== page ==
In December 2011, President Obama signed into law the Consolidated Appropriations Act 2012 (Public Law 112-74). This law has significantly impacted the Federal Pell Grant Program. The new law reduces the duration of Federal Pell Grant eligibility to 12 semesters or 600% Lifetime Eligibility of Pell Grant. Beginning with the 2012-2013 school year, this change affects all students regardless of when or where they received their first Pell Grant.
Students who are affected will be notified by the Central Processing System (CPS), the system that processes your FAFSA. If you have used at least 450% of your Lifetime Eligibility Used (LEU), you will be notified via email. Check the email account you provided on your FAFSA.
How is the LEU calculated?
The LEU is calculated for each academic year, beginning with 1977-1978 and is based on the annual award. Each full-time semester equates to 50% of your total LEU which yields a maximum percentage of 600% for 12 semesters. Once you have used 600% of your Federal Pell eligibility, you are ineligible for further Pell Grant awards.
Sample annual calculations:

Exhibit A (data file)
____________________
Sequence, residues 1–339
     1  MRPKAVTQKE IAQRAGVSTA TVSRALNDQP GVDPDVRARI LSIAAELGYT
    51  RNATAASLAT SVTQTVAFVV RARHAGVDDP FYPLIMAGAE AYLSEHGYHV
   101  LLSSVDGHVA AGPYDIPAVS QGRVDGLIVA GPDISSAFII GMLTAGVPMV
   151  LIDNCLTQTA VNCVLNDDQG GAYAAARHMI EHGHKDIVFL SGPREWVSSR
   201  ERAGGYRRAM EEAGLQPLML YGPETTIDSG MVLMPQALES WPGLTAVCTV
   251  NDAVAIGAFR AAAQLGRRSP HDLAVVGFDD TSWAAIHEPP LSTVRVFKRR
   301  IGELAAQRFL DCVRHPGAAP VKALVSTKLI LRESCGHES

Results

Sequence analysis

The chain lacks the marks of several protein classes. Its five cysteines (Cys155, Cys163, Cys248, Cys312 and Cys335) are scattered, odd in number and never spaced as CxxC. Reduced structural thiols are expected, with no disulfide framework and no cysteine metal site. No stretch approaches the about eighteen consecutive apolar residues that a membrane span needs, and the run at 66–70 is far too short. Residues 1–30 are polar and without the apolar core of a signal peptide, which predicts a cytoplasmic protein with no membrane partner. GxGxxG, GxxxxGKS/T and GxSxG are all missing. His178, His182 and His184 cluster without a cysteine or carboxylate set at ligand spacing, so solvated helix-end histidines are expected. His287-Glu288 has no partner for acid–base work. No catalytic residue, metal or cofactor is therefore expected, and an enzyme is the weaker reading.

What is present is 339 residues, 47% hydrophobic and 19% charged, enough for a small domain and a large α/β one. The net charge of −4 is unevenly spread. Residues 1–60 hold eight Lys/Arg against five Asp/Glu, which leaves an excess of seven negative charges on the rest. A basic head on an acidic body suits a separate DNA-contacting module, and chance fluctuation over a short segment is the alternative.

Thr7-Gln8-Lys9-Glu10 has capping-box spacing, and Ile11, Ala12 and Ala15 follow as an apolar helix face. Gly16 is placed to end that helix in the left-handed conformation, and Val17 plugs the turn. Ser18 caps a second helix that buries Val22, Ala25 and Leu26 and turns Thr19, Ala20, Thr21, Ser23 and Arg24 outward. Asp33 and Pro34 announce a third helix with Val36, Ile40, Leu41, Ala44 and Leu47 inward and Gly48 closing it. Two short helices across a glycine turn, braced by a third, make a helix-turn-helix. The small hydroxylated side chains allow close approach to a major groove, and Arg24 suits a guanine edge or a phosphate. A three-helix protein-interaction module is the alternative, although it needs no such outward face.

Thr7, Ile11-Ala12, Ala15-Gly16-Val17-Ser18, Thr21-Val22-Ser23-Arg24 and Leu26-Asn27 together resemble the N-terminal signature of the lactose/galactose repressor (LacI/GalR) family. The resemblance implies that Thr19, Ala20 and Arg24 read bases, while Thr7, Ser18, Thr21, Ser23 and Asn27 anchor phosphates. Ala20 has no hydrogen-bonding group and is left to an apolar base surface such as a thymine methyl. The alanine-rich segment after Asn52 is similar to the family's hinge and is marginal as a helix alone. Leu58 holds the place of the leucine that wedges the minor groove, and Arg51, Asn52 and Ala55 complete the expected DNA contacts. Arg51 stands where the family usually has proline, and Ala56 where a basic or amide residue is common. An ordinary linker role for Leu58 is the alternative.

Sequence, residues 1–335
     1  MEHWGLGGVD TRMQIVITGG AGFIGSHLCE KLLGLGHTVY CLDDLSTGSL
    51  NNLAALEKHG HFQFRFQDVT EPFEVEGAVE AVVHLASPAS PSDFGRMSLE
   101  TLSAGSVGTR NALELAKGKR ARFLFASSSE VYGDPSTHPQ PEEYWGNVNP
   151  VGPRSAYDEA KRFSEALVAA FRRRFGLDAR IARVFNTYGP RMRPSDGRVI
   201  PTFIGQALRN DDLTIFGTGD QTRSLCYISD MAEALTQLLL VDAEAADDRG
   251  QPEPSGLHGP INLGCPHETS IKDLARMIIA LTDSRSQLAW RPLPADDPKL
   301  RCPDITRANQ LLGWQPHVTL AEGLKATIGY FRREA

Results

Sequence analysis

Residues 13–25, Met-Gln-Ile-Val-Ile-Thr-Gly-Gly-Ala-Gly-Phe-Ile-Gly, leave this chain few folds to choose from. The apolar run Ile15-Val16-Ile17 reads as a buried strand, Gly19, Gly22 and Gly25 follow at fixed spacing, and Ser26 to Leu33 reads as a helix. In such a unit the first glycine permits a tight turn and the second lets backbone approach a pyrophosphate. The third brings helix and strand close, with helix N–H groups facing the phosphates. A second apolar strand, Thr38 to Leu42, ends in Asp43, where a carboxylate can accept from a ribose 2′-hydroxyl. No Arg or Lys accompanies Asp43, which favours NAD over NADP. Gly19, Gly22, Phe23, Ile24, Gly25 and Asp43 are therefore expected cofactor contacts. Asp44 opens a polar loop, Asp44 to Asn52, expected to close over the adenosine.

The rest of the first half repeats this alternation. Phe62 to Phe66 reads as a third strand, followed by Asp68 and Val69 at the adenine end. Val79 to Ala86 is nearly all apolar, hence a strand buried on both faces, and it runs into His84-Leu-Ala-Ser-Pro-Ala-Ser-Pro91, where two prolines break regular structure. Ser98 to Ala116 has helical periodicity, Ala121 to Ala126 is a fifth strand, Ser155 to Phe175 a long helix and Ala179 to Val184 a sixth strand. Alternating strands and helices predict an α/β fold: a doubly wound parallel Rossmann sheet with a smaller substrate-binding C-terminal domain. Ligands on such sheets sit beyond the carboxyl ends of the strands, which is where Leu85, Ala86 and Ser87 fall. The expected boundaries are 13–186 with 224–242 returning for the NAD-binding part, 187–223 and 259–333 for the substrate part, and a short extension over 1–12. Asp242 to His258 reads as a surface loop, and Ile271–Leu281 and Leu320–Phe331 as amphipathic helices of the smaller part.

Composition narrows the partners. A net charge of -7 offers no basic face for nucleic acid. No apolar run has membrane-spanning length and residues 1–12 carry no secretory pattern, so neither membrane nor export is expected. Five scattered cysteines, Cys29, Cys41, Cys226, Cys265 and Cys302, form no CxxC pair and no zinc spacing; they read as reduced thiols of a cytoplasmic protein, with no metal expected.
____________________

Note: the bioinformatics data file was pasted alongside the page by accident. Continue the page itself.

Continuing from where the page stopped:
- If you received a full-time Pell award for both the fall and winter semesters, you have used 100% of your 600% lifetime eligibility.
- If you received a half-time award in the fall semester and a full-time award in the winter semester, you have used 75% of your lifetime eligibility.
- If you received a half-time award for both fall and winter semesters, you have used 50% of your lifetime eligibility.
How to track your Pell LEU percentage:
To track your Pell Grant history and your LEU percentage, visit NSLDS Student Access at NSLDS. This site is updated regularly with your Pell Grant awards as they are reported.
Can I appeal my Pell lifetime eligibility?
A student who believes there may be an inaccuracy in the underlying Pell Grant data that is part of the student’s Pell Grant LEU calculation may dispute that information by contacting his or her current school. In doing so, the student:
- Must have filed a FAFSA for the current award year so as to ensure that the current school can view the student’s Pell history on the Department’s COD Web site.
- Must provide all documentation requested by the current school in support of the student’s assertion that there is an inaccuracy in the Pell Grant data. This documentation must include a signed and dated statement from the student that provides:
- The name of the student’s current school to whom the student reported the alleged inaccurate data;
- The name of the school that reported the alleged inaccurate information;
- The award year and disputed amount and;
- The reason the student believes the Pell Grant data are inaccurate.
Note: If resolution of the disputed Pell Grant amount would not reduce the student’s LEU to be less than 600%, the school will not review the appeal. For example, if a student’s Pell Grant LEU is 850% and she is disputing one award year’s eligibility used of 100%, she would remain ineligible for additional Pell Grant funding because her adjusted Pell Grant LEU of 750% would still be over the 600% statutory limit.